Benefits Of American Diabetes Association Diet

The benefit of using the American Diabetes Association Diet involves its ability to assist diabetics in creating a balanced yet diverse diet that effectively regulates blood glucose levels. This particular American Diabetes Association Diet establishes an adequate amount of daily calories for a diabetic, along with proportionate servings of proteins, carbohydrates and fats, by describing which diabetes-friendly foods can be substituted by foods belonging to six categories:

  • Fats
  • Fruits
  • Dairy products
  • Vegetables
  • Starches and bread
  • Meats

Basic Instructions for Using the Exchange Diet

Food exchanges explained by the American Diabetes Association Exchange Diet depend on aspects of a diabetic’s overall health program, such as how much exercise they perform each day, when insulin injections are needed, whether the diabetic is overweight and needs to lose weight and status of blood pressure and cholesterol levels.

Each food item in each separate exchange list can be substituted by other foods in that list but not with foods contained in another list, regardless of their calorie counts.

With the exception of the fruit list, doubling or tripling the food choices on the list meets certain dietary requirements. For example, two starches equal one cup of oatmeal, while two meats equal two ounces of hamburger.

The American Diabetes Association Exchange Diet considers foods that contain less than 20 calories “free.” Unless otherwise specified, these “free” foods can be consumed in any amount at any time of the day. They include:

  • Bouillon
  • Club soda
  • Carb-free flavored water
  • Unsweetened tea
  • Mustard and horseradish
  • Almond, vanilla and peppermint flavoring extract
  • Herbs
  • Pimento
  • Worcestershire sauce
  • Sugar-free gelatin
  • Salad greens

Exchange List Categories

blood glucose levelsThe six categories of foods in this American Diabetes Association Diet are:

  • Cheeses and meats—Size of portions on this list are usually one ounce, with three ounces of cooked meat equaling four ounces of raw meat. High-fat exchanges should be used no more than three times each week. Meats are placed in low-fat, medium-fat and high-fat substitute categories.
  • Breads and starches—Exchanges considered breads and starches have three protein grams, 15 carbohydrate grams and a minute amount of fat, equaling 80 calories each. In this category, 1/2 cup of pasta, grains or oatmeal is equal to one exchange. One serving is exactly an ounce of a bread item.
  • Substitutes and dairy products—One exchange of dairy product or substitute is eight ounces or one cup. Diabetics needing to lose weight should consume only skim or fat-free milk, while all diabetics should not drink milk products that have been artificially sweetened.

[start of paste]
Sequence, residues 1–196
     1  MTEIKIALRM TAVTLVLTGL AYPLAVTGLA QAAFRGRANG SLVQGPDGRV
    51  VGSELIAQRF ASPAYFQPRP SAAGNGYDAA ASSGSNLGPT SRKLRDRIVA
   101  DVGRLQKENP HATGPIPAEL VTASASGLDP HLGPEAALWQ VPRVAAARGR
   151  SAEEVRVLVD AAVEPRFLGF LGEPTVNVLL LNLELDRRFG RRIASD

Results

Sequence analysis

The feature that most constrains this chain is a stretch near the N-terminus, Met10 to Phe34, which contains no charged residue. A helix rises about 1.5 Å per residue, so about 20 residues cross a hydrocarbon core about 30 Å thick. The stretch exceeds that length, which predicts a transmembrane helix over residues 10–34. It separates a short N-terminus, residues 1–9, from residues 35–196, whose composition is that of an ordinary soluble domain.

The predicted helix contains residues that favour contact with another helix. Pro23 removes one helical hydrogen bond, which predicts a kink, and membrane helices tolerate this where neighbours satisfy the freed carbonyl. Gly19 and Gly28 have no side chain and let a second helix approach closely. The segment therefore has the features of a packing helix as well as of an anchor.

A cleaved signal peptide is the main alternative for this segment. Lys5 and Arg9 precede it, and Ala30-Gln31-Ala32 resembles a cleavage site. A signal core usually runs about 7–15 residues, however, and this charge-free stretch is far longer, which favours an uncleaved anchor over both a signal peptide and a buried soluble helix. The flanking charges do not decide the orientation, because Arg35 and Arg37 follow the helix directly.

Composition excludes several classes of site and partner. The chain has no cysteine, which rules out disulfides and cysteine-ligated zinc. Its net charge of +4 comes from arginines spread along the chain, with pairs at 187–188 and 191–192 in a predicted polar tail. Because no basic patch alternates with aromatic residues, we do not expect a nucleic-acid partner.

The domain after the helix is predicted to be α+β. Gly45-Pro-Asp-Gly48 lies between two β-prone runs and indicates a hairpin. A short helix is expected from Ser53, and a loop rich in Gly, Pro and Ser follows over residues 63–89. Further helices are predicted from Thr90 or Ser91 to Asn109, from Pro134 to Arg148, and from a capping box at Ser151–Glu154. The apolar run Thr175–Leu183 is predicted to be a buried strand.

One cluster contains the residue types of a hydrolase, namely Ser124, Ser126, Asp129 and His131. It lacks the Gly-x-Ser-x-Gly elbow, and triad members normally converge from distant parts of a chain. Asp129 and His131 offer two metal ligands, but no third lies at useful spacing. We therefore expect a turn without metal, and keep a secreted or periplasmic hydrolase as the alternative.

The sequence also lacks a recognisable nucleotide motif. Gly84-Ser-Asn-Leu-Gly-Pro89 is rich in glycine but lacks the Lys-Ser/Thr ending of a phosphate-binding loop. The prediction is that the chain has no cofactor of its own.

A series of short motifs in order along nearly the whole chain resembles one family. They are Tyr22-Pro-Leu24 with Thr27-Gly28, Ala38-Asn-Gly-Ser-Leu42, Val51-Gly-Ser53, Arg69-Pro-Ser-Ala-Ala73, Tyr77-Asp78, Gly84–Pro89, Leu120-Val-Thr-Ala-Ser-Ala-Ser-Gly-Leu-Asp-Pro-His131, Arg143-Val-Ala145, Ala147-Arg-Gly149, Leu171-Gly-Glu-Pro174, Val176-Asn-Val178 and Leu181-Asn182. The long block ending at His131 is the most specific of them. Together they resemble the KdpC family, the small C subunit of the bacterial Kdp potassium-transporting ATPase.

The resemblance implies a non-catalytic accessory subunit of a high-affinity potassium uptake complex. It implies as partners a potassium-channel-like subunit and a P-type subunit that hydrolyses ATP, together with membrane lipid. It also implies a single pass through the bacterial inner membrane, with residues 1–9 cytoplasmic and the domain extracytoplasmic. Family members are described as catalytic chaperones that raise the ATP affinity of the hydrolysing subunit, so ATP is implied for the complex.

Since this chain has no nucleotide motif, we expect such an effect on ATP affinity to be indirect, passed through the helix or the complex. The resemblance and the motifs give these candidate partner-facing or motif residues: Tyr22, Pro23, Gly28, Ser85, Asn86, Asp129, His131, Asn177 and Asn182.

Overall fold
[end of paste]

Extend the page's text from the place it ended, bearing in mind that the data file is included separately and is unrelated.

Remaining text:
• Sugars and fruits—In the American Diabetes Association Exchange Diet lists, total carb count includes all natural sugars, which should be no more than ten percent of carbohydrates consumed each day. Each fruit and sugar exchange has around 15 carbohydrate grams, which amounts to 60 calories.
  • Fats—One exchange of fat equals about one teaspoon. Diabetics and everyone else should limit intake of saturated fats and eat unsaturated fats instead. Healthy fats include olive oil, flaxseed oil and oil found in sardines, salmon, anchovies and herring.
  • Non-starchy vegetables—Each exchange of 1/2 cup cooked or one cup raw vegetables in this category has about 25 calories. These vegetables include spinach, celery, carrots, spinach, tomatoes, cucumbers, zucchini and green beans.

Healthy Ways to Cook Food for a Diabetic Diet

Basic ways to prepare the food in the diet:

  • Use fat-free dressing, sauces and dips.
  • To enhance flavor, steam vegetables in broth or mix with chopped garlic and onion.
  • Sprinkle food with spices or herbs while cooking.
  • Add zest to meat dishes with lime or lemon juice.
  • Trim off all extra fat on meat portions.
  • Cook meat and vegetables by broiling, microwaving, steaming, grilling or stir-frying.
  • Read food labels carefully.
  • Use cooking spray.

For newly diagnosed diabetics, using the American Diabetes Association Diet is a great way to begin formulating a personal diabetic diet and learning what foods to eat and which prevent possible medical complications resulting from high blood glucose levels.



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